Since I’ve been in college, there are a couple things that tend to knock the wind out of my sails (pretty short list, silver lining to follow).
1. I’m sort of homesick. The “sort of” part originates from all the lovely stresses associated with being a college student. The homework assignments, projects, and my weekend job at a restaurant keep me very busy. I guess it’s a good thing that I don’t usually have the time to be homesick. From the time I wake up, it’s running here and running there, and by the time the coffee has worn off, I crash. However, there are those rare nights when I can’t sleep. Those are the nights when I can’t escape it: I’m homesick. I miss my family and my parents annoying yippy dog too.
2. I’m broke. I have accepted this as part of college life, and I’m okay with that. I have resigned myself to the fact that I will be sick of spaghetti and jarred tomato sauce by the time I graduate. But until then, I’ll have a good friend named Prego.
That used to be it.
…But thanks to last Monday’s lecture I have a new addition.
3. Last week’s lecture felt a bit like this:
“The next few years of your life at the Journalism school are going to be downright impossible. But, if in some rare off chance, you somehow make it through the gauntlet without raising a white flag; you’ll graduate. And in best case scenario, find a job that pays you diddly-squat! Then, 6 months later, you’ll get student loan bills and so that you can begin paying back the thousands of dollars you’ve borrowed. So, anyway, do you want to major in broadcast or print journalism?”
Teachers from each journalism department spoke at the lecture. They told us what classes will be like in future semesters, and what kind of jobs we can expect to get with various journalism degrees. Now, I’m pretty sure that they meant well. But, despite their intentions, we all trickled out of the auditorium looking like someone just burst our bubble.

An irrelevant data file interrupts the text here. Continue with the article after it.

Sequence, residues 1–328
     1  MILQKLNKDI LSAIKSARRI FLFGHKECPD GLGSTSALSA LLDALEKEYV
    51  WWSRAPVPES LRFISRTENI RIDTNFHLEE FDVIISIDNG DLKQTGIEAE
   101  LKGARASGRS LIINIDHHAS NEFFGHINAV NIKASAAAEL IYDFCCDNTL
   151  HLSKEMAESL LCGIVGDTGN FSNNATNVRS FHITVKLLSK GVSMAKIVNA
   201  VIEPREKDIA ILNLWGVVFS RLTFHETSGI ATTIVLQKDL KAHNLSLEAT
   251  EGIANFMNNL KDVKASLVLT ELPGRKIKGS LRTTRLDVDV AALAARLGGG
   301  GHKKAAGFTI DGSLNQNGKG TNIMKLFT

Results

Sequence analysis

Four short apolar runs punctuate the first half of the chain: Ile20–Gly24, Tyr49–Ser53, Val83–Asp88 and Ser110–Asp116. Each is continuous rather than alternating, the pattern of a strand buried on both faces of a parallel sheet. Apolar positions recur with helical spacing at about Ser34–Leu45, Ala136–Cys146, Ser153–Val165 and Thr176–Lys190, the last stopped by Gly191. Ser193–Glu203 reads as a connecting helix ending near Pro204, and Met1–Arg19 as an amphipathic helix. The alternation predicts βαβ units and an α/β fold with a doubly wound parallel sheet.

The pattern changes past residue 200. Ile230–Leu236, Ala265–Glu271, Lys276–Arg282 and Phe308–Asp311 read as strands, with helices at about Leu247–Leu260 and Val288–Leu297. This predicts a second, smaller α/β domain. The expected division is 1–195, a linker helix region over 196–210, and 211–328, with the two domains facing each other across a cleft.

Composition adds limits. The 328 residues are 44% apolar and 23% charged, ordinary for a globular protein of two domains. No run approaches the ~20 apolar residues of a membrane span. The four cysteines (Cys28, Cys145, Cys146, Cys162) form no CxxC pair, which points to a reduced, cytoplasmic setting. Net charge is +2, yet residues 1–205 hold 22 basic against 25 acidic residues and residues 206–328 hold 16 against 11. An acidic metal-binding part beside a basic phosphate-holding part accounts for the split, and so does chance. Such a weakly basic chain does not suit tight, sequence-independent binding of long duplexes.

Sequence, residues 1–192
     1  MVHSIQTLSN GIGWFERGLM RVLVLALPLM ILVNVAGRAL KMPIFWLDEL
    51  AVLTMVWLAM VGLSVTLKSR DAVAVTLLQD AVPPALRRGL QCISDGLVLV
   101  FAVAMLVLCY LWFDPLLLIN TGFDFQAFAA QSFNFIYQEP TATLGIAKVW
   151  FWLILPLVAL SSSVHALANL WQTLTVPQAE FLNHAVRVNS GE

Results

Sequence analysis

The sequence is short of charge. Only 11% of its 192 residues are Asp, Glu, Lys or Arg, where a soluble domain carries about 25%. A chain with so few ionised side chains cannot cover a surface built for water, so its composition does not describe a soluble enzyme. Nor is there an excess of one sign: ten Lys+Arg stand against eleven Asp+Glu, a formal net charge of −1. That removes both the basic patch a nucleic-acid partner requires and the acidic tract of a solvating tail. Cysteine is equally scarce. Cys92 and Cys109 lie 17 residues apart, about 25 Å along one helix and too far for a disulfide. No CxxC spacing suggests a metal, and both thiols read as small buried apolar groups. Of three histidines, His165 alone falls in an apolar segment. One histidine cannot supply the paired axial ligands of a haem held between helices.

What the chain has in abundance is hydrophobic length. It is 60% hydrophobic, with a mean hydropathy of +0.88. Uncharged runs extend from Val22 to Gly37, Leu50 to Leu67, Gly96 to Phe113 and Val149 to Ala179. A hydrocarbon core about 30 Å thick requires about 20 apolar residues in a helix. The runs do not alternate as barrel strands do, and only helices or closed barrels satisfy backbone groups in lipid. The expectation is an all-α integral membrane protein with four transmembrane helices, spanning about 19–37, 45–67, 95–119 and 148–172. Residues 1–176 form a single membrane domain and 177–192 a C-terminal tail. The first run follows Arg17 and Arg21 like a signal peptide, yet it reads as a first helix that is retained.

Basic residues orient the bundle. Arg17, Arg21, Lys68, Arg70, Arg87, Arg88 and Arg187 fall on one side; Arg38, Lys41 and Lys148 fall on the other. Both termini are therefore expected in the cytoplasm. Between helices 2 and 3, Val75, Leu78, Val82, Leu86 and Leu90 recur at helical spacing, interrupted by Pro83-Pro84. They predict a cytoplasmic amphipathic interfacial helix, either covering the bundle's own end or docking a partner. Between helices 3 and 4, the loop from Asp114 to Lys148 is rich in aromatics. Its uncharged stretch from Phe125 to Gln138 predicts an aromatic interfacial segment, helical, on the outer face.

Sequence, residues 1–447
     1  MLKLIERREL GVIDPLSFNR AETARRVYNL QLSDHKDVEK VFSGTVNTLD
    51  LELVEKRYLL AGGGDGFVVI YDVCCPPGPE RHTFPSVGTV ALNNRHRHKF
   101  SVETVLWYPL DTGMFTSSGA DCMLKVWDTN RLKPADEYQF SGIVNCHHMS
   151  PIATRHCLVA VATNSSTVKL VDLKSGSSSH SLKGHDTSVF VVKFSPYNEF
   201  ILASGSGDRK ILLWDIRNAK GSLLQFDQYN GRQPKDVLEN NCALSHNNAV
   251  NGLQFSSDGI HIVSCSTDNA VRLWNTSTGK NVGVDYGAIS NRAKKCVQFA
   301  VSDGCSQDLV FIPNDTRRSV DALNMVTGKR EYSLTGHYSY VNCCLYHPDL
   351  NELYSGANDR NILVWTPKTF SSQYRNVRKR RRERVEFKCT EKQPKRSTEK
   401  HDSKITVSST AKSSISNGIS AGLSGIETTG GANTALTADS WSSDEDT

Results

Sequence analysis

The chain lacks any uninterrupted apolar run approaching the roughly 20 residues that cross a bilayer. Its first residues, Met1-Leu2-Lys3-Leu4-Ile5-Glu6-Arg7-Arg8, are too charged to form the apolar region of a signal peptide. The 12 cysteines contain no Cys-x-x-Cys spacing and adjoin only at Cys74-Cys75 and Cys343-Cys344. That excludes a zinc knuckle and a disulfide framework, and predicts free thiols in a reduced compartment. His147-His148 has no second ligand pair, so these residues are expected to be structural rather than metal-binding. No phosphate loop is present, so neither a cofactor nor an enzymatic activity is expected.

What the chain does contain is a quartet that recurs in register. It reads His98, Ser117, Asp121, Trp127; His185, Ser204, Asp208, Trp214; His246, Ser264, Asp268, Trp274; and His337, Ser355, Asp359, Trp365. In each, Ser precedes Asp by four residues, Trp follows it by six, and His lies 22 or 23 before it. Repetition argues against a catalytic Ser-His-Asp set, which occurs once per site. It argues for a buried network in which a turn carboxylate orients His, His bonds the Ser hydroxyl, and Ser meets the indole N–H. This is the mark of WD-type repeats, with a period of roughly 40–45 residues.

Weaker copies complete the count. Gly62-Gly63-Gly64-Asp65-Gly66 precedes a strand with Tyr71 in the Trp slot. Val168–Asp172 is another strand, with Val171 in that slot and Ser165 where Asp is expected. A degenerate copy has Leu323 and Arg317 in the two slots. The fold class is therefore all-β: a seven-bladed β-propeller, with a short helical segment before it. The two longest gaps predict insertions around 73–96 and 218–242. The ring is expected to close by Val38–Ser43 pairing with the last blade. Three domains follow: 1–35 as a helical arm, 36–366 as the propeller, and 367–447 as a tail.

At what point did my bubble burst precisely? That’s a tough one. Well, let me take a look at my notes… The assignments: daunting, the internships: dog-eat-dog, the pace: fast and getting faster, the future of journalism: uncertain. Like I said, it’s difficult to pinpoint at what point among the array of great news I started to feel deflated.
As if the fear wasn’t obvious enough, Professor Rice asked some 300 journalism students for a show of hands: “Who here isn’t scared?” I saw one hand raised, presumably belonging to someone who has either more courage or more ignorance than the rest of us. Either way, its been a few days since the lecture. Thankfully, I feel much better. And guess what? I still want to be a journalist. In fact, I want to be a journalist more now than ever before. Probably because I stumbled across this quote:
“Work to become, not to acquire.” – Elbert Hubbard
Despite anyone’s words of
encouragement discouragement, I will fight to become what I want to be. I want to be a journalist. If it wasn’t as challenging as it is, I probably would lose interest in it. I believe that everyone should go after a job that they find fulfilling, and in order to achieve that, we need to do something that we love. For me, that is-and always be- journalism.